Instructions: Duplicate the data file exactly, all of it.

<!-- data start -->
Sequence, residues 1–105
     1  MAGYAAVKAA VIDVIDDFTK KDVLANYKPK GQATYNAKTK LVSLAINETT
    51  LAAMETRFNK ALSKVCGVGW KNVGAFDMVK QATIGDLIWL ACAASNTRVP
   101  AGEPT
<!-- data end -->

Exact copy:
Sequence, residues 1–105
     1  MAGYAAVKAA VIDVIDDFTK KDVLANYKPK GQATYNAKTK LVSLAINETT
    51  LAAMETRFNK ALSKVCGVGW KNVGAFDMVK QATIGDLIWL ACAASNTRVP
   101  AGEPT